Someone — OK, someone on Facebook — recently asked what teenagers today need most. It started me thinking about what I needed as a teen and preteen, and was lucky enough to have: adults who listened without judging.

I had a few teachers I regarded as friends. Not in the buddy-buddy sense, but people I liked and respected and who seemed to like and respect me. And when I was a tween and early teen there was an older woman who lived across the street who became my earliest adult friend who was not a relative.

Mrs. Crennan was widowed and lived with a blue parakeet and a dachshund named Hans. She seemed quite old to me at 11 and 12, but could have been in her 60s or early 70s. My memories from that period of my life are a little hazy, but I think she had some kind of accident that meant she was on crutches for a while and that was how I came to be her dog walker. I would collect Hans and take him for a walk around the neighborhood on his leash. I don’t think I particularly liked or disliked the little sausage dog, but I do remember liking the $1 or $2 I got paid for taking him out.

Even better than that was being invited into Mrs. Crennan’s house when I brought Hans back. She would give me lemonade and then we’d sit in her small living room and talk. She asked me about my life, how I got along with my two younger brothers and told me stories from her life with her husband and even from her own childhood.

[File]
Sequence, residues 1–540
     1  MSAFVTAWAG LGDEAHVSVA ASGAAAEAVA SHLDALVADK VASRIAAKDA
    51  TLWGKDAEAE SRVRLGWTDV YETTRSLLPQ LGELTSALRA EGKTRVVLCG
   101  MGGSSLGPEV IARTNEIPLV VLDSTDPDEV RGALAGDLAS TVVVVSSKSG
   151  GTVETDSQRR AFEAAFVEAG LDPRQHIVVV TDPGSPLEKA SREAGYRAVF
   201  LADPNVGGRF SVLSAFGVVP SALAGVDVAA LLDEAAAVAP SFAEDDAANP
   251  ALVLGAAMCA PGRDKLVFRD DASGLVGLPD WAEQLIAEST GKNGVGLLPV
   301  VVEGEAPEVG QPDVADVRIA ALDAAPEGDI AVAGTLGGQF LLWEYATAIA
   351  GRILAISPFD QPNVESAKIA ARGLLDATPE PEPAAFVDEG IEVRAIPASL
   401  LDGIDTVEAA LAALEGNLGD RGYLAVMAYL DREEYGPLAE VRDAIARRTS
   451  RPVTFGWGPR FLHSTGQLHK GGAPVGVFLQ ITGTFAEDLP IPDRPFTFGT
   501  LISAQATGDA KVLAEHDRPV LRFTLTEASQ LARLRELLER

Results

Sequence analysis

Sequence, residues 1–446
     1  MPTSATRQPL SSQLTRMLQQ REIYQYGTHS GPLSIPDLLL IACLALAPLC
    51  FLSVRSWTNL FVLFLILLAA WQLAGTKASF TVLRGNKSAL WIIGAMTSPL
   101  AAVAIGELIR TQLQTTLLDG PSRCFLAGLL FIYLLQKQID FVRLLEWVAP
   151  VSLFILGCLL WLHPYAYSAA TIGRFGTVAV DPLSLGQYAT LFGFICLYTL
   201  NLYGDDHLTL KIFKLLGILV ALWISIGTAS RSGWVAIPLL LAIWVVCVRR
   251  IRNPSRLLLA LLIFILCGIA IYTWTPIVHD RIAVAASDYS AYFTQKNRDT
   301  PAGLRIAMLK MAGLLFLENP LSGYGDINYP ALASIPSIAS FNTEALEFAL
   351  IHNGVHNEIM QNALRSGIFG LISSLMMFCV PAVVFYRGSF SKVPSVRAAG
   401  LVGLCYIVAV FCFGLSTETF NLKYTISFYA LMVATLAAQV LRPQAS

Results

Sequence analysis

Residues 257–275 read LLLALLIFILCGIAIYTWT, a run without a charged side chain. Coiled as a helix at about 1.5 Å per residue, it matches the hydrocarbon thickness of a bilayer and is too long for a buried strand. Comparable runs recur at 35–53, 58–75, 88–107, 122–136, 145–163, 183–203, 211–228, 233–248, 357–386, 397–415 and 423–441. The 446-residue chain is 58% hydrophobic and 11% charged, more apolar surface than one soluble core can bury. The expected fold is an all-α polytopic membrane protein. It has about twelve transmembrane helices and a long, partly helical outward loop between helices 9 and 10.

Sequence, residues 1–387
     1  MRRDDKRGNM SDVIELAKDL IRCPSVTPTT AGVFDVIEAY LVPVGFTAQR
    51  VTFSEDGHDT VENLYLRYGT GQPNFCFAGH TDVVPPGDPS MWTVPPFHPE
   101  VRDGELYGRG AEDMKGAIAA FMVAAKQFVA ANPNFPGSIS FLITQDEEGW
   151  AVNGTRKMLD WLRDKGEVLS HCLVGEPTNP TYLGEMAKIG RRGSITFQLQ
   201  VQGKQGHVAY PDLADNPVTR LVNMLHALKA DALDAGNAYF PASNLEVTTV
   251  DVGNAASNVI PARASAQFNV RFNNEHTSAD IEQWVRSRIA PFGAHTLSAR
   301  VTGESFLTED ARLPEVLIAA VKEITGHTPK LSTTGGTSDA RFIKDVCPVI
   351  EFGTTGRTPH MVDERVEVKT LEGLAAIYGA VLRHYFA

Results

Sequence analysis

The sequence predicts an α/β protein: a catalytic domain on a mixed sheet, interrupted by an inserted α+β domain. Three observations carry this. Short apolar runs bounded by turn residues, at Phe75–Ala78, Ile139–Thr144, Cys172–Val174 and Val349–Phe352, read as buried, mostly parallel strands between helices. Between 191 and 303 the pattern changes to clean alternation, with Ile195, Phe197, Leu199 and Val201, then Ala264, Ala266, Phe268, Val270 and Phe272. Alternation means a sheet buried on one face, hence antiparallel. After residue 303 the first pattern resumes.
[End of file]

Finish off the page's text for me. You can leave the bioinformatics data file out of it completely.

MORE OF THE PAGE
She listened attentively while I spoke, never interrupted and asked questions that showed she was interested in me. As the oldest of three children, one of whom was still a toddler, I didn’t get a lot of that from my parents. And besides, with Mrs. Crennan it was different. I had been taught to show respect to all adults, but she was my friend, and with her I felt I could be myself without fear of judgment.

The way that she talked to me, and especially the way she listened, gave me an inestimable gift: seeing myself as interesting, worthy of respect and able to carry on a conversation an adult would enjoy. Her stories were often humorous, and her happy laughter would light up her eyes.

After that, I would visit Mrs. Crennan even when I wasn’t walking Hans. It was a balm to sit in her fussy little old lady house and listen to her remember when she was young. And to feel that she valued my company as much as I valued hers.

Mrs. Crennan never tried to teach me anything, never offered any do’s or don’ts and such morals as her stories carried were oblique enough not to hurt the pride of a shy and insecure young lady. I think I remember that she had a keen sense of humor. One thing I am sure of: She listened, and I loved her for it.

Today’s youngsters are no different. They may not have been taught the deference to adults that I was, they may be flip and glib and blasé. But they still need people to help them figure out who they are and how to be in the world, not by giving advice, but by listening and reflecting back who they are. They need the most precious thing we adults have to give: our undivided attention.

Republican Journal editor Sarah Reynolds is a longtime employee of Courier Publications.

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